The web provides its users with abundant information. Unfortunately, when a web search is performed, both users and search engines must deal with an annoying problem: the presence of spam documents that are ranked among legitimate ones. The mixed results downgrade the performance of search engines and frustrate users who are required to filter out useless information. To improve the quality of web searches, the number of spam documents on the web must be reduced, if they cannot be eradicated entirely. This paper aims to present a novel approach for identifying spam web documents, which have mismatched titles and bodies and/or low percentage of hidden content in markup data structure.

Design/methodology/approach

The paper shows that by considering the degree of similarity among the words in the title and body of a web docuemnt D, which is computed by using their word‐correlation factors; using the percentage of hidden context in the markup data structure within D; and/or considering the bigram or trigram phase‐similarity values of D, it is possible to determine whether D is spam with high accuracy

Findings

By considering the content and markup of web documents, this paper develops a spam‐detection tool that is: reliable, since we can accurately detect 84.5 percent of spam/legitimate web documents; and computational inexpensive, since the word‐correlation factors used for content analysis are pre‐computed.

Research limitations/implications

Since the bigram‐correlation values employed in the spam‐detection approach are computed by using the unigram‐correlation factors, it imposes additional computational time during the spam‐detection process and could generate higher number of misclassified spam web documents.

Originality/value

The paper verifies that the spam‐detection approach outperforms existing anti‐spam methods by at least 3 percent in terms of F‐measure.

Details

International Journal of Web Information Systems, vol. 5 no. 4
Type: Research Article
ISSN: 1744-0084

Keywords

Article
Publication date: 3 April 2009

Maria Soledad Pera and Yiu‐Kai Ng

Tens of thousands of news articles are posted online each day, covering topics from politics to science to current events. To better cope with this overwhelming volume of…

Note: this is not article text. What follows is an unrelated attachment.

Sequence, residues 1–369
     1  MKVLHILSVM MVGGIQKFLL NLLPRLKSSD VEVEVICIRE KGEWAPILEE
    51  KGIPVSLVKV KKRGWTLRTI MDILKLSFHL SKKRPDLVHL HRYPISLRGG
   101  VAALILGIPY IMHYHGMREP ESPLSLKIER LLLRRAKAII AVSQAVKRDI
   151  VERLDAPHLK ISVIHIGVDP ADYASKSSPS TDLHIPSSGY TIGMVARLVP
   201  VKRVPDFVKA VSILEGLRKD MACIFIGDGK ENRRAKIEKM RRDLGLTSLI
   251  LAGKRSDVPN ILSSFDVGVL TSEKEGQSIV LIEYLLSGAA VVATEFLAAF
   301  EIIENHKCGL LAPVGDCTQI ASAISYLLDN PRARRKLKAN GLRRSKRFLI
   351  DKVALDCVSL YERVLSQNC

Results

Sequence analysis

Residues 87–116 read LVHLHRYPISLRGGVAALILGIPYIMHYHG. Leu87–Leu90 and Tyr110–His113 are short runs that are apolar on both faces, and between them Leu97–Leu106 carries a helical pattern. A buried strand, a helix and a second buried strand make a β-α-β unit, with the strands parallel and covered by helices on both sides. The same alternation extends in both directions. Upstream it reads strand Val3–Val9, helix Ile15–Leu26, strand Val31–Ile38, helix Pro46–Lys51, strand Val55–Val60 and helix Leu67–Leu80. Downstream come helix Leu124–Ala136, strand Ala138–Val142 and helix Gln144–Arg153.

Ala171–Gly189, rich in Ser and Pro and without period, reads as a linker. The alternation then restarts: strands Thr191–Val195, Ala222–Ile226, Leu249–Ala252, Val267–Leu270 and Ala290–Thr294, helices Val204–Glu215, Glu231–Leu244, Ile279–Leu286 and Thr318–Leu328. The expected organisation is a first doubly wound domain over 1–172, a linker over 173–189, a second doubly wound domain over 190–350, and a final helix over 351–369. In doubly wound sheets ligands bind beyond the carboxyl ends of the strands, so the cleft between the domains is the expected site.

Abstract

Purpose

Tens of thousands of news articles are posted online each day, covering topics from politics to science to current events. To better cope with this overwhelming volume of information, RSS (news) feeds are used to categorize newly posted articles. Nonetheless, most RSS users must filter through many articles within the same or different RSS feeds to locate articles pertaining to their particular interests. Due to the large number of news articles in individual RSS feeds, there is a need for further organizing articles to aid users in locating non‐redundant, informative, and related articles of interest quickly. This paper aims to address these issues.

Design/methodology/approach

The paper presents a novel approach which uses the word‐correlation factors in a fuzzy set information retrieval model to: filter out redundant news articles from RSS feeds; shed less‐informative articles from the non‐redundant ones; and cluster the remaining informative articles according to the fuzzy equivalence classes on the news articles.

Findings

The clustering approach requires little overhead or computational costs, and experimental results have shown that it outperforms other existing, well‐known clustering approaches.

Research limitations/implications

The clustering approach as proposed in this paper applies only to RSS news articles; however, it can be extended to other application domains.

Originality/value

The developed clustering tool is highly efficient and effective in filtering and classifying RSS news articles and does not employ any labor‐intensive user‐feedback strategy. Therefore, it can be implemented in real‐world RSS feeds to aid users in locating RSS news articles of interest.

Details

International Journal of Web Information Systems, vol. 5 no. 1
Type: Research Article
ISSN: 1744-0084

Keywords

Content available
Article
Publication date: 3 April 2009

Eric Pardede

446

Abstract

Details

International Journal of Web Information Systems, vol. 5 no. 1
Type: Research Article
ISSN: 1744-0084

Content available
Article
Publication date: 20 November 2009

Ismail Khalil

460

Abstract

Details

International Journal of Web Information Systems, vol. 5 no. 4
Type: Research Article
ISSN: 1744-0084